Dorothy Frooks

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Dorothy Frooks
Mcbridefrooks2.jpg
Robert M. McBride and Dorothy Frooks, Stork Club, 1952
Born (1896-02-12)February 12, 1896
Saugerties, New York
Died April 13, 1997(1997-04-13) (aged 101)
New York City
Occupation author, publisher, lawyer
Known for political and social activism
Spouse(s) Jay P. Vanderbilt (1986 to 1997, her death)

Dorothy Frooks (February 12, 1896 – April 13. 1997) was an American author, publisher, military figure, lawyer and actress. In 1934, she ran on the Law Preservation ticket for U.S. Representative-at-large.

She worked as a writer for the New York Evening World and published the Murray Hill News in 1952. She also wrote a pamphlet, entitled Labor Courts Outlaw Strikes, calling for the establishment of a labor court. She was a lawyer in Peekskill, New York.[citation needed]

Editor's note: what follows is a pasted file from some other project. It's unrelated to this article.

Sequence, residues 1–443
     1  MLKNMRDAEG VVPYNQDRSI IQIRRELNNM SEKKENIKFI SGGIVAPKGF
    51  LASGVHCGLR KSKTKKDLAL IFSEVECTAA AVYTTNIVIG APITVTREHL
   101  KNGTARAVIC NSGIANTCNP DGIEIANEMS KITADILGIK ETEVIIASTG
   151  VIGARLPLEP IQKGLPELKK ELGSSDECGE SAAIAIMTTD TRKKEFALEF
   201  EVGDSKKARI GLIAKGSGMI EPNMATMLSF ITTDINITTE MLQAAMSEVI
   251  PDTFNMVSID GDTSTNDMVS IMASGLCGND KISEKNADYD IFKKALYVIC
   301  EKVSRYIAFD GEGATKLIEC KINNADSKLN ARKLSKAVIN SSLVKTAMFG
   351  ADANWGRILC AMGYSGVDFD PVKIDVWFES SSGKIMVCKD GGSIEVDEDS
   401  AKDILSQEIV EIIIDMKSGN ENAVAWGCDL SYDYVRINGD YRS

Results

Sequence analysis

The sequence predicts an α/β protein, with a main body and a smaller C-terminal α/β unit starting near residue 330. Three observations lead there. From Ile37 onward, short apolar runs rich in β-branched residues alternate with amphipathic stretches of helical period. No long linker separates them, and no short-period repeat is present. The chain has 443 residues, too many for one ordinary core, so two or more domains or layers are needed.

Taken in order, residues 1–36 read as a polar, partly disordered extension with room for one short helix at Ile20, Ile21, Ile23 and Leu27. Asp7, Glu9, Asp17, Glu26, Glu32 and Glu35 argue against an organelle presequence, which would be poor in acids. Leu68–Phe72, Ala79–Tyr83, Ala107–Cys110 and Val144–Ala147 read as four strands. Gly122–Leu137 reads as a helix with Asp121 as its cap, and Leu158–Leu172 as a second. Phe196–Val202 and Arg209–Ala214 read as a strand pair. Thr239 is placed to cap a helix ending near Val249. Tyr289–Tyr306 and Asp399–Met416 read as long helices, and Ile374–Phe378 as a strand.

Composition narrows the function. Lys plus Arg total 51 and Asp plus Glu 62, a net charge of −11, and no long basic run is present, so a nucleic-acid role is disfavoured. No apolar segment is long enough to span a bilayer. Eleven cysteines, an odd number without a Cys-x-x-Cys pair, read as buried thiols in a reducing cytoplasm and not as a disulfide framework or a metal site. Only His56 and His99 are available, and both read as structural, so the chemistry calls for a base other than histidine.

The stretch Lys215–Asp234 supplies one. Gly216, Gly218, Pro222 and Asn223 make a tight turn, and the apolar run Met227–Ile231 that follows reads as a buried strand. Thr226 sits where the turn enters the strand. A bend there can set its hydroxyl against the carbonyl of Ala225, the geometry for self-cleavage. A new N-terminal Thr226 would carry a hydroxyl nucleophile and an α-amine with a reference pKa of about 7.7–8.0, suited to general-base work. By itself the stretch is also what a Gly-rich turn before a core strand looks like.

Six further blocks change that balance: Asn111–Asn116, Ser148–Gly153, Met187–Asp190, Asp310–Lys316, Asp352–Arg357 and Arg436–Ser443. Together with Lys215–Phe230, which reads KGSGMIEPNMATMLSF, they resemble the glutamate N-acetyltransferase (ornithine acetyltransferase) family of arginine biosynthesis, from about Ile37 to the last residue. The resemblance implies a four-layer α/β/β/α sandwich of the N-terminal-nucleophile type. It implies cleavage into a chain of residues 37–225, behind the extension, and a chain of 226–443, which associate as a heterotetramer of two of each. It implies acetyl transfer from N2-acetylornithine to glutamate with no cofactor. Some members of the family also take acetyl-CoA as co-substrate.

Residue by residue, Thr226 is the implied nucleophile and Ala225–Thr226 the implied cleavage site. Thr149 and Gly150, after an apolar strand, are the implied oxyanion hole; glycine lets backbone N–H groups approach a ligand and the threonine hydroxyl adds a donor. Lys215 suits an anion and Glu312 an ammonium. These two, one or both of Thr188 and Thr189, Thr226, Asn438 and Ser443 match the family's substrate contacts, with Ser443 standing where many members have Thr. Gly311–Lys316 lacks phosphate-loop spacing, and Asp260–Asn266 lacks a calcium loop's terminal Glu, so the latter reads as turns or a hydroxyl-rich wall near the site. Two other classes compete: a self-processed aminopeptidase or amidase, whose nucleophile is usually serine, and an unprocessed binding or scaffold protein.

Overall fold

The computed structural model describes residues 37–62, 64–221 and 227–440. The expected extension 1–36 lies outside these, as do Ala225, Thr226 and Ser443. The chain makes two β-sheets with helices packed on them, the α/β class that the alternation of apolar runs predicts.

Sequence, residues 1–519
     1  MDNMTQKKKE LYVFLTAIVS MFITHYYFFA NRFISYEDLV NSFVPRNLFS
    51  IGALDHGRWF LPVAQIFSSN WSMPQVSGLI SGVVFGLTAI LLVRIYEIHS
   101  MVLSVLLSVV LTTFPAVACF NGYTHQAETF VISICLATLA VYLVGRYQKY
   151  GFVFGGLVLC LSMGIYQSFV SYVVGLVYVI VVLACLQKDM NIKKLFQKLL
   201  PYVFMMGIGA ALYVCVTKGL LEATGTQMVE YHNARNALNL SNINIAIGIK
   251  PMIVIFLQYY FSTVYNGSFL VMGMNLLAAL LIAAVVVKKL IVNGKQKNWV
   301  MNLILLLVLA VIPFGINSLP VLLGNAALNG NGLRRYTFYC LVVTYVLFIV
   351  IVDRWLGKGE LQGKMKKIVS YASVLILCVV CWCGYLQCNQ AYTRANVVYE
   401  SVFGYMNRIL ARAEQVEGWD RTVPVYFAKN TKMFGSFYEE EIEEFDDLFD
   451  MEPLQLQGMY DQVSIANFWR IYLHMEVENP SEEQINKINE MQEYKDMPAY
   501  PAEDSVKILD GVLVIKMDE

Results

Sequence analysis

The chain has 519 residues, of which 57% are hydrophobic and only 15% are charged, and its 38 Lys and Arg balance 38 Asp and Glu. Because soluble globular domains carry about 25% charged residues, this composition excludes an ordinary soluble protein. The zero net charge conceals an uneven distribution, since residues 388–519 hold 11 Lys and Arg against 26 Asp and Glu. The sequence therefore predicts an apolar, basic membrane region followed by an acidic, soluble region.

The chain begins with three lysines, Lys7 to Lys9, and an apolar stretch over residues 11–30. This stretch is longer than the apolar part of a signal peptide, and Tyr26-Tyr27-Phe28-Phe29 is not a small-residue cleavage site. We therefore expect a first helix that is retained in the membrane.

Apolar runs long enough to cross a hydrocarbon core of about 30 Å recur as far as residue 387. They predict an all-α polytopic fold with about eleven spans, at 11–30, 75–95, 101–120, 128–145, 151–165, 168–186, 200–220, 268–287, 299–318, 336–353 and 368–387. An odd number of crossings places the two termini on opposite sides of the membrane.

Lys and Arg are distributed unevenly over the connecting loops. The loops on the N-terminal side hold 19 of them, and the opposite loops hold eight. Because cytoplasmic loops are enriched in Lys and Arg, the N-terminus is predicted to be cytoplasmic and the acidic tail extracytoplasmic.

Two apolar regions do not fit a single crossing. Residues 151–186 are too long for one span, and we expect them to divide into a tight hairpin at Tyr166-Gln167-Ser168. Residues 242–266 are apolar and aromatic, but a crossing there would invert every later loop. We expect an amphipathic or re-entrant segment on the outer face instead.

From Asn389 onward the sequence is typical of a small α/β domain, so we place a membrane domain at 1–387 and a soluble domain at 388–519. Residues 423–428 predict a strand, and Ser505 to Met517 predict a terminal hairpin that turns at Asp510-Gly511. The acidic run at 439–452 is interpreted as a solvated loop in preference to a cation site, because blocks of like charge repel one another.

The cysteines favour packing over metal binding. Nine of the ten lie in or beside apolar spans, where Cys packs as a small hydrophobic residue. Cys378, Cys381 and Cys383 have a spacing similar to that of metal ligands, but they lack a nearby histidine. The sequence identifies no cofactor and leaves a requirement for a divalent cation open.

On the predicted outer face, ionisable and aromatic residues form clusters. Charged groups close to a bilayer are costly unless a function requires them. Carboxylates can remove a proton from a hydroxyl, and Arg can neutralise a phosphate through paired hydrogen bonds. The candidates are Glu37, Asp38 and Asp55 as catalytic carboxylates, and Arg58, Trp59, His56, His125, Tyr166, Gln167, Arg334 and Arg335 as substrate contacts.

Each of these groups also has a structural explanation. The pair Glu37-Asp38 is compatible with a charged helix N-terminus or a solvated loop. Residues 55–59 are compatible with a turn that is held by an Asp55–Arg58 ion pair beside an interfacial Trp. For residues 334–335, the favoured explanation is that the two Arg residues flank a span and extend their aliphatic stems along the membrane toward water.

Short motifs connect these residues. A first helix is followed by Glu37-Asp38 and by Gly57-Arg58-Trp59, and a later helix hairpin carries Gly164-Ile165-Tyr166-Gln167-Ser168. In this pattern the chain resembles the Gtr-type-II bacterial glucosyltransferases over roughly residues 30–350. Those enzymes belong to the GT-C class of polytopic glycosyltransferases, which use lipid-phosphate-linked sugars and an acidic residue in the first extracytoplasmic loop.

As an author, she wrote numerous fiction and nonfiction books, including The Olympic Torch, The American Heart and Lady Lawyer, her autobiography. A veteran of both World War I (United States Navy) and World War II (United States Army), Frooks served as the National Commander of the Women World War Veterans.[citation needed]

She appeared as one of "The Witnesses" in Warren Beatty's 1981 film Reds along with fellow centenarian radicals Scott Nearing and George Seldes. Frooks, Nearing and Seldes were all first-hand witnesses of the red-baiting, McCarthyism, and Cold War hysteria of the 1950s.

Frooks died in 1997 at the age of 101.

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